Inlet Law Wins 12 Months’ Pay and Unpaid Commissions for Dependent Contractor 

Maximum justice: Inlet Law successfully advocated for twelve months’ pay and three years of unpaid commissions for a worker (the “Worker”) in the recent case of S.C. v Breezemax Web (CA) Ltd., 2024 BCSC 808  released in May 2024.


The Worker, a mid-fourties vice president of sales, was employed for a digital marketing agency (the “Company”) between 2010 – 2023, with a brief gap in service. The Worker’s employment was terminated in May 2023, and the Worker brought a claim for, among other things, contractual damages and several years of unpaid commissions.

Court Hearing

The BC Supreme Court reviewed the Worker’s documents, and assessed the nature of the Worker’s working relationship with the Company. In its assessment of the working relationship, the Court found that the Worker was a dependent contractor, not an employee:

[36]      Not all contractors are independent. There is a recognized hybrid “dependent” contractor category. The evaluation of whether a contractor is dependent depends on the worker’s reliance on, or exclusivity with, the subject company.


[37]      Applying the test in 1392644 Ontario Inc. (Connor Homes) v. Canada (National Revenue), 2013 FCA 85 and the factors in 671122 Ontario Ltd. v. Sagaz Industries Canada Inc., 2001 SCC 59 [Sagaz], many of the factors here support a finding that the plaintiff is an employee. However, I find that these are more than counterbalanced by the weight of the objective evidence of the parties’ mutual intention to create a contractor relationship.


[42]      There are additional points that undercut the control evidence proffered by the plaintiff. First, there was no written contract purporting to control his conduct. Second, on the plaintiff’s own evidence as to the terms of the Contract, he was able to perform his work in a completely different province. Third, the plaintiff was not only entitled to a salary, but was also entitled to a share of the firm’s revenues through the various commissions.

[43]      That said, given the economic interdependency, exclusivity, longevity, and the relatively degree of control the defendant exercised over the plaintiff, I find that the plaintiff should be treated as a dependent rather than an independent contractor.

The Court then turned to the matter of how much notice of termination the Worker would be entitled to as a dependent contractor:

[44]      A dependent contractor is generally entitled to notice of termination. Certain authorities suggest that the amount awarded will be somewhat less than what would be payable to an employee: Pasche at para. 83. But this is not settled law: Liebreich v. Farmers of North America, 2019 BCSC 1074 at paras. 98-106. I adopt the reasoning of Justice Russell in Liebreich, and reject any hard and fast rule. I would say that the notice period ought to reflect where the relationship falls on the continuum between employee and independent contractor, after considering all the factors.

[45]      Reasonable notice must be decided on a case-by-case basis, with reference to the employee’s character of employment, age, length of service, availability of alternate comparable employment and any other relevant factors: Ansari v. British Columbia Hydro and Power Authority, 2 B.C.L.R. (2d) 33 at 43, 1986 CanLII 1023 (S.C.); Bardal v. Globe & Mail Ltd. (1960), 24 D.L.R. (2d) 140 at 145, 1960 CanLII 294 (Ont. H.C.)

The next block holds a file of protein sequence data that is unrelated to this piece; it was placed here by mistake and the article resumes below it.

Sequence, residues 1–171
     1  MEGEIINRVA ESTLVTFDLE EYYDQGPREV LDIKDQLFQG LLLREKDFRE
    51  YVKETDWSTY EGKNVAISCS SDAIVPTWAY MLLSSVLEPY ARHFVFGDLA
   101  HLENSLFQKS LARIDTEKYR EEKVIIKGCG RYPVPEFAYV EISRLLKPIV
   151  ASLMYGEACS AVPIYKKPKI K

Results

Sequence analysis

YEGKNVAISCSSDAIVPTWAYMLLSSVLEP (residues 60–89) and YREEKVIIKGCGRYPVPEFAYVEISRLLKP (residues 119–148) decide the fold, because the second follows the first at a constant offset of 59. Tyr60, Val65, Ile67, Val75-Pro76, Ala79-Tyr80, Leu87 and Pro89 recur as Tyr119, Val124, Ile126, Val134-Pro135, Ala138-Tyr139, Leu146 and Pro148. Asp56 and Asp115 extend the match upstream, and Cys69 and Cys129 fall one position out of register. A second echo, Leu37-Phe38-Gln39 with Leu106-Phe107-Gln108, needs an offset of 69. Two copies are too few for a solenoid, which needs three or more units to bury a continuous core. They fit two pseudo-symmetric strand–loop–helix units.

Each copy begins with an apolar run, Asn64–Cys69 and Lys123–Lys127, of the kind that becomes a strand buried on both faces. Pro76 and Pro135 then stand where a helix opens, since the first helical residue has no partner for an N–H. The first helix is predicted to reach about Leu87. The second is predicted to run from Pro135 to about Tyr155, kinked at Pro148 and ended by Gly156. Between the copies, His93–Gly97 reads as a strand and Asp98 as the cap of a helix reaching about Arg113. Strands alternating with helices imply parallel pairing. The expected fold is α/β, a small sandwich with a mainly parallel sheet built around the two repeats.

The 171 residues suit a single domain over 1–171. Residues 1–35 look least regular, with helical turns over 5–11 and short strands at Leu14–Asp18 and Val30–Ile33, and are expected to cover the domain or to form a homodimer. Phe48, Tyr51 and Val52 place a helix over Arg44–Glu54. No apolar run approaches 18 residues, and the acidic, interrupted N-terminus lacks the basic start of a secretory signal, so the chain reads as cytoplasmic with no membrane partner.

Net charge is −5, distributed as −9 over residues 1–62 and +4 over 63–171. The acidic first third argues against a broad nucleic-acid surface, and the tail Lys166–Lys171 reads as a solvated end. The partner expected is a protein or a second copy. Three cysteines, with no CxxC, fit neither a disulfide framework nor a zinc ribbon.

[46]      Here, while the jointly intended form of the relationship created a contractor structure, the substance brought the situation very close to that of employee/employer. As such, the reasonable notice period ought to be close to that of an employee.

The Court found that the Worker was entitled to damages representing a notice period of twelve months. 

Turning to the claim for unpaid commissions, the Court found as follows:

[54]      In terms of the past commission claim, although I initially had a concern that the lack of payment of the first few months’ worth of commissions was discoverable, such that such claims may be beyond the limitation period, the plaintiff supplemented the record by confirming that there was a conversation with the defendant that can reasonably be characterized as affirming the cause of action, thereby creating a deferral of the period under s. 24 of the Limitation Act, S.B.C. 2012, c. 13.

Key Takeaways

Companies and their workers should be cognizant of the fact that simply labelling an employee as an independent contractor does not necessarily extinguish the worker’s claim to notice of termination (or pay in lieu). 

Prior to making a determination, the court will review the entire context of the working relationship, including, among other things: 

  • the worker’s degree of exclusivity; 
  • ownership of tools;
  • risk of loss and possibility of profit;
  • the worker’s agency and control over their work; and 
  • the length of the relationship

(Pasche v. MDE Enterprises).

If the court finds that the worker is a dependent contractor or employee, the worker may be entitled to significant sums for pay in lieu of notice.

Note: This article does not contain legal advice. If you would like advice on your legal matter, please contact Inlet Law at 604 394-6538 (604 39-INLET) or at

Martin Sheard assisted me, and his work was first-rate. He was knowledgeable, efficient, and made me absolutely confident that I had received exactly the legal services I needed.
— Joe Broadhurst / Managing Partner, Broadhurst Kooy Family Law

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Martin Sheard has advocated at the Supreme Court of Canada on behalf of financially marginalized Canadians. Only about once every two years does the Supreme Court of Canada hear an employment law case, so this was a special moment for Martin.